In My Father's House Are Many Mansions: Family and Community in Edgefield, South Carolina

By Orville Vernon Burton | Go to book overview

Introduction

By the grace of God, my kinfolk and I are Carolinians. . . . We are interested in our ancestors -- they were us in another age.

Ben Robertson, Red Hills and Cotton

The importance of family in the South, while long noted, has been little studied.1 This history of family and community in nineteenth-century Edgefield, South Carolina, is intended to convey the enormous richness and complexity of family and community life, a life complicated by the violent strains of slavery, Civil War, freedom, Reconstruction, and Redemption.2

In My Father's House investigates the actual experience of nineteenth- century Edgefield families by comparing black and white families within a single large community and by exploring the differences and similarities between the values of southern whites and Afro-Americans.* This study shows the ties that bound black and white together -- ties of exploitation and oppression, of charity and cooperation. It examines the cultural values and standards of behavior that parents and community leaders taught their children, the questions of infidelity, illegitimacy, one-person households, and single-parent families. Finally, it shows how different classes were tied together by life on the land and a common commitment to the preservation of "southern values."

This book is the product of a thorough study of letters and family histories, newspapers, former slave narratives, and local government and church records. Works drawing on such traditional sources tend to focus on the elite and therefore give an incomplete understanding of the agrarian South. This volume, however, tries to merge traditional historical sources with statistical analyses of census information on every household, family, and farm in the area. This comprehensive data base and the great amount of archival material

____________________
*
Afro-American and black are synonymous and can be taken to mean both blacks and mulattoes. In the analysis of differences between mulatto and nonmulatto Afro-Americans, however, "AfroAmerican" still refers to both groups, but "black" signifies nonmulatto. Mulatto means a person of mixed black and white parentage. The mixture was visible to the census enumerator, who determined the classification on the basis of physical appearance.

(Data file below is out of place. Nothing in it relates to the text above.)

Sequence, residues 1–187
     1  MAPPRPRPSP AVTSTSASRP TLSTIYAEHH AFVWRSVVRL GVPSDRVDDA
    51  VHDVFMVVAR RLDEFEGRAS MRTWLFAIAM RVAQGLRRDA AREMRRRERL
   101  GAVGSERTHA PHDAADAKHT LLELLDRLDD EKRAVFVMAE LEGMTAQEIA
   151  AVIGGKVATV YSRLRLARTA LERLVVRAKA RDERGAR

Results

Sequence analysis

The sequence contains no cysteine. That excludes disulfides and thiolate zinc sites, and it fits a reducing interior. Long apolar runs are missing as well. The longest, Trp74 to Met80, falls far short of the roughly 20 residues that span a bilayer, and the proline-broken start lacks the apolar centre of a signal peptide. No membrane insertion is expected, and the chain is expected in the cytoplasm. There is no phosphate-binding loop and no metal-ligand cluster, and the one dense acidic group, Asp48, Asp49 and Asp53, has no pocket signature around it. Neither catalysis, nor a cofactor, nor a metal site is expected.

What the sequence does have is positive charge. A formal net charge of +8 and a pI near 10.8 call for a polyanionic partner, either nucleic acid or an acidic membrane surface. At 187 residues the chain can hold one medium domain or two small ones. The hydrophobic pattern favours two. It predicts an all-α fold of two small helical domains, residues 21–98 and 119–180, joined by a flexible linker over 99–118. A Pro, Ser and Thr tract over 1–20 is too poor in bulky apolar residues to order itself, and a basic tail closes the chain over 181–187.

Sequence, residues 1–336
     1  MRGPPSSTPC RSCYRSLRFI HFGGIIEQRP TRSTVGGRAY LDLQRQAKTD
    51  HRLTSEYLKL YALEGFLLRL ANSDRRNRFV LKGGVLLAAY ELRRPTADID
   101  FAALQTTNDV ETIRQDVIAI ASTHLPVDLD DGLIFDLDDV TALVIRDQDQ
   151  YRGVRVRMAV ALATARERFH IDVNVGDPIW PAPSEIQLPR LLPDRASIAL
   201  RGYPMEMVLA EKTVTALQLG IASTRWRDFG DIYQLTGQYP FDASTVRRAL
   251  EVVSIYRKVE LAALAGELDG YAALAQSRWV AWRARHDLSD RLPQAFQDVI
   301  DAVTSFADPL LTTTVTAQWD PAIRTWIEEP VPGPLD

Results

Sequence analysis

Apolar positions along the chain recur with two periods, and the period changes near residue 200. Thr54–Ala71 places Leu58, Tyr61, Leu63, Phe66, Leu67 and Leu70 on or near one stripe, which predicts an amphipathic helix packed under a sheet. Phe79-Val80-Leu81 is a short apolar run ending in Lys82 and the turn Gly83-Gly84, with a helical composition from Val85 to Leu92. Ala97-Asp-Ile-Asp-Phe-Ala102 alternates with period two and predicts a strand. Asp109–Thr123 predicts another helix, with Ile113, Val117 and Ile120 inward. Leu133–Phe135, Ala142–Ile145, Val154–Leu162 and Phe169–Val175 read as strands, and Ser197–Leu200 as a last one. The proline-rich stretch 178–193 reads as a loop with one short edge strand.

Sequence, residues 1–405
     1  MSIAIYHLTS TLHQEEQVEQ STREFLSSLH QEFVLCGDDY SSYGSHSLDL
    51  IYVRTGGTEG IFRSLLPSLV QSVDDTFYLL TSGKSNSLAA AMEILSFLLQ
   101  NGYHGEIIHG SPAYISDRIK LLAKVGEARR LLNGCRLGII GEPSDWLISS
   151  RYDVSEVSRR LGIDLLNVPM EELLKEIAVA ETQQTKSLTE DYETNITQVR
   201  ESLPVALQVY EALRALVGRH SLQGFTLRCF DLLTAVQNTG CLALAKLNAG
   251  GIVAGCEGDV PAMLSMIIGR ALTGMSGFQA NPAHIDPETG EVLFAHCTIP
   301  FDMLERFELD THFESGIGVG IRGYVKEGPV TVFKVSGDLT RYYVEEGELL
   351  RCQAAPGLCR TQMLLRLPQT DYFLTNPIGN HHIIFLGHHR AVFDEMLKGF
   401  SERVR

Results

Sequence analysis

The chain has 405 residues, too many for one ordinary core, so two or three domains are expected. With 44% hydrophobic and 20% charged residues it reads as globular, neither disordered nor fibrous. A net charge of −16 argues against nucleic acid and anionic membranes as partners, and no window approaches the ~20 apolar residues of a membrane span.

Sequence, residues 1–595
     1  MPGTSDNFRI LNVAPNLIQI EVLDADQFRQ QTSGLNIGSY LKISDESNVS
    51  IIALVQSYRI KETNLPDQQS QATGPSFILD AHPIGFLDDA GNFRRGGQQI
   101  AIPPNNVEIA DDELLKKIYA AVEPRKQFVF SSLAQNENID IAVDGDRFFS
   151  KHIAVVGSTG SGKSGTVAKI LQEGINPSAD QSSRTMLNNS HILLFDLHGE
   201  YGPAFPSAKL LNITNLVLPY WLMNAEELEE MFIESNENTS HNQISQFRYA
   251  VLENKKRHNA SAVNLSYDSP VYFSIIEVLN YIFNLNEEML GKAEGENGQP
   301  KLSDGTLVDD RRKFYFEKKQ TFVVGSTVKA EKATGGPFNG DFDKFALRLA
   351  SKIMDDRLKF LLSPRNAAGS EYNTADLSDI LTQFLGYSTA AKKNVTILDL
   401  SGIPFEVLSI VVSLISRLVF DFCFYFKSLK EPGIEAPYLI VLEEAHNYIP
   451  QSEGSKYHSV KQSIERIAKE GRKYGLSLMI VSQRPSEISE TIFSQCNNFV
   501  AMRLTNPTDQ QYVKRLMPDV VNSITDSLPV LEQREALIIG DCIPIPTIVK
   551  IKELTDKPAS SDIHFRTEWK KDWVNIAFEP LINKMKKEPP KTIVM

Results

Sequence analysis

Household is used as a term distinct from the word family. Household is simply a unit of measure which refers to the census grouping listed as a household by the census enumerator. The household

-3-

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In My Father's House Are Many Mansions: Family and Community in Edgefield, South Carolina
Table of contents

Table of contents

  • Title Page v
  • Contents ix
  • List of Tables xi
  • List of Figures and Maps xiii
  • List of Illustrations xv
  • Preface xvii
  • Introduction 3
  • I. Edgefield, South Carolina 14
  • 2. Edgefield from the White Perspective 47
  • 3. the White Family Andlb Antebellum Social Structure 104
  • 4. the Slave Family 148
  • 5. the Free Afro-American in Antebellum Edgefield 203
  • 6. the Culture of Postbellum Afro-American Family Life 225
  • 7. Black and White Postbellum Household and Family Structure 260
  • Conclusion 314
  • Appendix I. Methodology 325
  • Appendix 2. Occupational Groupings 333
  • Notes 335
  • Bibliography 421
  • Index 463
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